Welcome to Creators Going Pro, where in partnership with Semaphore — a creator-focused family of companies providing business and financial services to social media professionals — we profile professional YouTube stars who have hit it big by doing what they love. Each week, we’ll chat with a creator about the business side of their channel, including identifying their Semaphore Moment — the moment they truly went pro.
Going into business with family doesn’t work out for everyone, but for YouTuber and esports investor Preston Arsement, running the business behind his four YouTube channels with his parents, his wife Brianna, and his siblings is straight-up “amazing.”
Together, the Arsements produce content for his main channel PrestonPlayz (which is Minecraft-focused and has 7.6 million subscribers) and his side channels TBNRFrags (Fortnite-focused, 3.3 million subs), PrestonRoblox (Roblox, 754,000 subscribers), and PrestonMinecraft (Minecraft Pocket Edition, 159,000), a channel he shares with fellow Creators Going Pro featuree LogDotZip. They also manage his merch shop, PrestonsStylez.
Arsement has been on YouTube since 2010, and has amassed a massive audience, with the total view count across all of his channels averaging around 108,000 per month. (He also has a significant audience on other social channels too — nearly 800,000 followers on Instagram, and 1.8 million on Twitter.)
And YouTube viewers aren’t the only ones to recognize Arsement’s gaming prowess. He recently invested in and partnered with esports organization Team Envy, and will produce Envy-branded content across his channels.
As his audience continues to grow — his PrestonPlayz channel alone pulls in between 5,000 and 10,000 new subscribers per day — Arsement is sitting down with Tubefilter to talk about how he went from casual gamer to the center of a major business at just 24 years old.
Tubefilter: Tell us about your background! When did you start gaming? How did you get into esports? What about YouTube?
Preston Arsement: I started gaming at the young age of four! My lovely mother (who’s now the CEO of our tech and gaming company) bought me a Sega Genesis console with Sonic the Hedgehog. I started playing Call of Duty 4 when I was 12 on the PC (just regular public match making servers) and somehow met someone who was part of a Call of Duty clan who wanted to recruit me to compete in online scrimmages against other clans. I’ve always been extremely competitive, and love video games, so it was a perfect fit!
Honestly speaking, when the YouTube platform launched, I was 12 years old. The main thing I watched were Runescape gaming videos, most of which had music and no audio commentary, so it wasn’t very personal — but still a blast to watch! One of my favorites from back then was Elvemage PK a Runescape YouTuber who would go around the wilderness fighting other players.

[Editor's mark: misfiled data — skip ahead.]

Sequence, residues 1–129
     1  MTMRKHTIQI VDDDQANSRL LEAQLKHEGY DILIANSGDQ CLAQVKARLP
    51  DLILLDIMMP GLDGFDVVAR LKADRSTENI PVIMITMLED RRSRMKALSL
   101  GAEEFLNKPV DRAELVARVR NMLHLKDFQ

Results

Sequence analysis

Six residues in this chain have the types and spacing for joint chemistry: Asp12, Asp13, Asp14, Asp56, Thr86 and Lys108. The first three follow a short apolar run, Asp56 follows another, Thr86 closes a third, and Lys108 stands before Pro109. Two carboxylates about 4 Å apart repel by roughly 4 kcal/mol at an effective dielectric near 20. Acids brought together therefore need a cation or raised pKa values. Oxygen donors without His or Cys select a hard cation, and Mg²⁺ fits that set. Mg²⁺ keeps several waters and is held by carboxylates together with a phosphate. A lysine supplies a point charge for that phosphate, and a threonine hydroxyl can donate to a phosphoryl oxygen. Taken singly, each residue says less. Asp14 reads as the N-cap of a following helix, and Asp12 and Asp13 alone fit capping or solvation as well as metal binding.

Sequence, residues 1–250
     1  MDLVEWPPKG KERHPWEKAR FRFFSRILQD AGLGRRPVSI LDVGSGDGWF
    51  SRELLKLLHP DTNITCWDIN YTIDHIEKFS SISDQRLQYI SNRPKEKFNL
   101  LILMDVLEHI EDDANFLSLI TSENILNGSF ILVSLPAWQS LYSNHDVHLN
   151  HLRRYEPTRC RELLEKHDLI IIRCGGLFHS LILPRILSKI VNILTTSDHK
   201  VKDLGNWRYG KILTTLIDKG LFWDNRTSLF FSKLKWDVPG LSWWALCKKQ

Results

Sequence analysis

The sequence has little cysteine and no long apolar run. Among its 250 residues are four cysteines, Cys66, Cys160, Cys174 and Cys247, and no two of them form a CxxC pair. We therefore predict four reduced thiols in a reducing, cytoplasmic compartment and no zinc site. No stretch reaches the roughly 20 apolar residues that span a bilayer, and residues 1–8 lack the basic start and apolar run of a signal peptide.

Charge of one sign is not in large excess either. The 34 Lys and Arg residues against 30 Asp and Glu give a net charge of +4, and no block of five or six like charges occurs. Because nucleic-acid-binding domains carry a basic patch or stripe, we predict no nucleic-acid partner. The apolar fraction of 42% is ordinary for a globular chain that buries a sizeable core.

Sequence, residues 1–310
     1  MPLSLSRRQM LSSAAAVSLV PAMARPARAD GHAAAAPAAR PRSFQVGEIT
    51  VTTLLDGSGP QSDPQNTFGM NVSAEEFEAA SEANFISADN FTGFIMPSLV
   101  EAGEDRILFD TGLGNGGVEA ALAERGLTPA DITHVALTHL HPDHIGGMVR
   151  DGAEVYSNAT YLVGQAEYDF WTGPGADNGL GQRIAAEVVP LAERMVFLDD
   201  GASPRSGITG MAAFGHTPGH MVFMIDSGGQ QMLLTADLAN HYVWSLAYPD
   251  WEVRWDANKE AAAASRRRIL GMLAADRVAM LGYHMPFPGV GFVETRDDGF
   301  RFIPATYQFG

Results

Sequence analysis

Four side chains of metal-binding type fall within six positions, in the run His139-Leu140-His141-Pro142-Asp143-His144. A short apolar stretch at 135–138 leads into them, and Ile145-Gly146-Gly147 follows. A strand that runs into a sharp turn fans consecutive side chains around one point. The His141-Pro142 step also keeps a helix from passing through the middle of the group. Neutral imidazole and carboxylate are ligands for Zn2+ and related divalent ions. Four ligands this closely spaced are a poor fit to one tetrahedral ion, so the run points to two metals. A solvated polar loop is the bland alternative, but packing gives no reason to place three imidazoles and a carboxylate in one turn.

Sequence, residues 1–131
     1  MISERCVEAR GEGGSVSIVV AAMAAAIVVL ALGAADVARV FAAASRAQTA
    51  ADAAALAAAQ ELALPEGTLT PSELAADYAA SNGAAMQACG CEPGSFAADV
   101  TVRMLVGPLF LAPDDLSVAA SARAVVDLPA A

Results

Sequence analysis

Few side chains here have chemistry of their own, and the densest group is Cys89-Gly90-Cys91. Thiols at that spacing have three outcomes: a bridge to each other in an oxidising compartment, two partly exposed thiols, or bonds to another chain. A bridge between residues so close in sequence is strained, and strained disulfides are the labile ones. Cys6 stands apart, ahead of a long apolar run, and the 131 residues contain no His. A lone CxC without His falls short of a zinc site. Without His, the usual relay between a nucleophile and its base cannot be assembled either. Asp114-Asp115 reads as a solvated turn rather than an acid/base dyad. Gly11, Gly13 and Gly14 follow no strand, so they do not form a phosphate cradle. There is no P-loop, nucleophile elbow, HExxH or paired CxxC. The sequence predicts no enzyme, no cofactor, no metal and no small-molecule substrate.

Tubefilter: What made you decide to join YouTube over other platforms? Did you join with the intention to cultivate a popular channel?
PA: To be honest, YouTube was the only video platform I knew of at the time. After watching HuskyStarcraft upload videos where he shoutcasted professional Starcraft 2 matches (I was a huge Starcraft nerd growing up as a kid), I tried to mimic his style of commentary with Starcraft 2 replays and let me tell ya, it was not easy! I gained a nice zero subscribers from that venture. I think you always join a platform with the intention of cultivating some sort of audience — I just had no idea how I was going to do it.
Tubefilter: You gained 20,000 subscribers after uploading just 18 videos. How did you build an audience so quickly?
PA: Haha, so about that… I may or may not have had hundreds of prior uploads that I deleted once my channel started to gain traction. Reason being, I felt they just were not up to my quality standards for the new audience I was starting to build. I said a lot of prayers to God, started really putting in the hours (16-18 a day or so) and grinded Call of Duty: Modern Warfare 3.
I started a popular series, MOAB with Every Gun, which meant I would have to get 24 kills in a row without dying in order to get the “MOAB” (it was a bomb device built into the Modern Warfare 3 game that would go off and wipe out the enemy team). Machinima, a large entertainment company, thought the series would fit perfectly on their relatively new Machinima Respawn YouTube channel, and the rest was history! It was seriously answered prayers — I had been praying in specific to become a part of the Machinima family, and specifically a Machinima Respawn director (allowing me to post a weekly series on their channel, which I was paid for and helped my channel grow).
Tubefilter: When did you get your first check for online video revenue? How much was it? What about your first check outside of AdSense $?
PA: Oh man… I don’t even remember when I received my first check, or for how much it was. It must have been around $10 or so — I remember using it to buy a Whataburger meal (my favorite Texas fast food chain) and thinking to myself, “I made this money doing what I love… playing video games.”
My first check outside of AdSense came much later, when I entered into a referral partnership with the company Gungho. Essentially, the product was an “energy gel shot” similar to a 5-hour Energy in the form of a sweet gel. I quite liked the product, actually, and so did most of the people who used my referral link. It ended up becoming a nice slice of incoming outside of my streaming/YouTube revenue.